Do black holes exist? The world’s most famous scientist vs. the actual science.
“My goal is simple. It is a complete understanding of the Universe, why it is as it is and why it exists at all.” -Stephen Hawking
Here in our little corner of the Universe, the Earth is a pretty intense source of gravity for us. If we want to escape its gravitational pull, we’d need to accelerate ourselves up past the escape velocity, or the speed necessary to climb out of the gravitational potential well that Earth’s mass creates. We can (and have) accomplished this, in fact, but it would take a speed of around 11.2 km/s (or 0.004% the speed of light) to make it so.
But that’s not so fast, after all, not compared to a great many things in this Universe. The reason that we don’t need higher speeds to escape from our planet is that despite having a decent amount of mass — some 6 × 10^24 kg, or some 10^49 heavy atoms — our Earth is spread out over a relatively large volume of space.
But if the laws of physics were somewhat different, we might be able to compress the mass of our Earth down into a much smaller region of space. And if we could, it would take greater and greater speeds to escape from it. At some point, when all the mass of the Earth was compressed into a sphere a little smaller than a centimeter in radius, you’d suddenly discover that nothing in this Universe — not even light — could escape from it.
You’d have turned the Earth into a black hole.
Because the speed of light in a vacuum is a universal speed limit, some regions of space can achieve enough mass compressed into a small enough volume that nothing can escape from it. For a long time, these were purely theoretical objects, as it was assumed that getting such huge amounts of mass into such a tiny volume would be impossible. But then we started discovering things that were… interesting.
Regions of space with incredible radio and X-ray emissions, but no visible light. Regions where stars were being ripped apart and their matter accelerated, but no signs of ultramassive stars. And finally, a place near the very center of our galaxy where stars were orbiting a single point that must have a mass of around 4 million Suns, but from which no light of any type was being emitted.
This must be a black hole! Gravitationally, Einstein’s theory of General Relativity tells us that black holes must distort space, with interesting optical effects that can will show up by looking at the background matter.
But you might wonder, thinking about objects like this, whether they’re really, truly, completely black, in the sense that nothing can ever escape from them. It’s a legitimate question, and one that didn’t really go answered for a very long time. You see, black holes — as described by Einstein’s theory of gravity — were classical objects, or objects described by a continuous spacetime with mass, charge, and angular momentum in it. But we know that the matter and energy in our reality is not necessarily continuous in nature, but rather quantum. And there was no good way to reconcile the fundamentally quantum nature of things with a classical theory like General Relativity.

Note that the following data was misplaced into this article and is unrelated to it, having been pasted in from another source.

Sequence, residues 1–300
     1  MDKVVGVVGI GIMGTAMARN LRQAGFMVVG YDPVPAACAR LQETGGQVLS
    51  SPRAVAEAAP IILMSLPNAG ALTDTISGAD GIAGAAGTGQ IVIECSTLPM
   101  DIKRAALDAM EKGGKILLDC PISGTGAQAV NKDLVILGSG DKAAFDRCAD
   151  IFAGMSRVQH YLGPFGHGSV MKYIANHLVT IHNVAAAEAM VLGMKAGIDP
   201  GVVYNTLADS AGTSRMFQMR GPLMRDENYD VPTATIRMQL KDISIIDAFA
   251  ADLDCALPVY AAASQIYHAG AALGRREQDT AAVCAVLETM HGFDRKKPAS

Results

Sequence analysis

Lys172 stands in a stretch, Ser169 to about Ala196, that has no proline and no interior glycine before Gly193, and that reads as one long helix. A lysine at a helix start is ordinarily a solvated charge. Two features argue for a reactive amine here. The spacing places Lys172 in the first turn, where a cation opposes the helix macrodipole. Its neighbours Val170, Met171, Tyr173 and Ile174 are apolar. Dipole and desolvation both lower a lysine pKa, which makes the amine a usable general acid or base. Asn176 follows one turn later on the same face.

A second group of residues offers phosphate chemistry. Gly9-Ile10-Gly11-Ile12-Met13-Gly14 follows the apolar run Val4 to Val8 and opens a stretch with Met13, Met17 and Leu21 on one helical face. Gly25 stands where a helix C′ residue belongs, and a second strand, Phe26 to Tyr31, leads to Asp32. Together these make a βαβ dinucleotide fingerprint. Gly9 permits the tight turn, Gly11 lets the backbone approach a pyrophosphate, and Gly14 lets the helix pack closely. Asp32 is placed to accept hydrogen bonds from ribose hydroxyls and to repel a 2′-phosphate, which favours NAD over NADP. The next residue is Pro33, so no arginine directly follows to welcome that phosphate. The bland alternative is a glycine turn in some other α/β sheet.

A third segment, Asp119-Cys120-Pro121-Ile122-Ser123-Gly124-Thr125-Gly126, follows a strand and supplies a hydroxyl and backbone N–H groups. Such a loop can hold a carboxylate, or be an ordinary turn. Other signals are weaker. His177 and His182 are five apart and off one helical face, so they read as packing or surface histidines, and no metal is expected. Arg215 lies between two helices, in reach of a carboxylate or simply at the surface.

Instead, the Universe itself must be inherently quantum in nature, and yet we do not have a quantum theory of spacetime. In the absence of a quantum theory of gravity, there was only one option if you wanted to know what was happening around a black hole: you’d have to compute the predictions of our quantum Universe — and that’s the full-on quantum field theory — in the curved spacetime as predicted by General Relativity.
It wasn’t going to be easy. And I know, because I’ve done the calculation myself, but I wasn’t the first to do so. That honor goes to Stephen Hawking, who — in the mid-1970s — calculated what would happen when you had a fundamentally quantum Universe existing in curved spacetime, and that the curvature of space was due to the presence of a black hole.
You’d have quantum fluctuations, or pairs of particles-and-antiparticles popping in-and-out of existence, while simultaneously having this event horizon nearby, where things could fall in, but nothing could ever get out.
What would sometimes happen, however, is that if you had a fluctuation just outside the event horizon, one of the particles (or antiparticles) would sometimes escape from the black hole, while the other one fell in! Because of the conservation of energy, the black hole had to lose mass, while the escaping radiation’s spectrum (and you need quantum field theory to get the spectrum correct) would be a blackbody, and determined by the mass of (and hence curvature near) the black hole! All the other properties — how long the black hole would exist for, the timescales on which it would evaporate, the rate of energy loss — were determined by this phenomenon, which is justly known as Hawking radiation.
In other words, black holes aren’t completely black!
Because we don’t yet have a complete, comprehensive theory of quantum gravity, we have to do the best we can with the tools we have: General Relativity as the descriptor of space and time, Quantum Field Theory as the laws governing matter and energy. As you (theoretically) move in towards a black hole, you’ll typically pass an accretion disk, you’ll find that there’s an Innermost Stable Circular Orbit, and then interior to that, there shouldn’t be anything, as the black hole gobbles that up and takes in inside its event horizon in short order. And once you go inside — with the exception of Hawking radiation — nothing can ever leave.
What that paper showed is that all three of the following cannot be simultaneously true:
- Hawking radiation is in a pure state.
- The information carried by the radiation is emitted from the region near the horizon, with low energy effective field theory valid beyond some microscopic distance from the horizon.
- The infalling observer encounters nothing unusual at the horizon.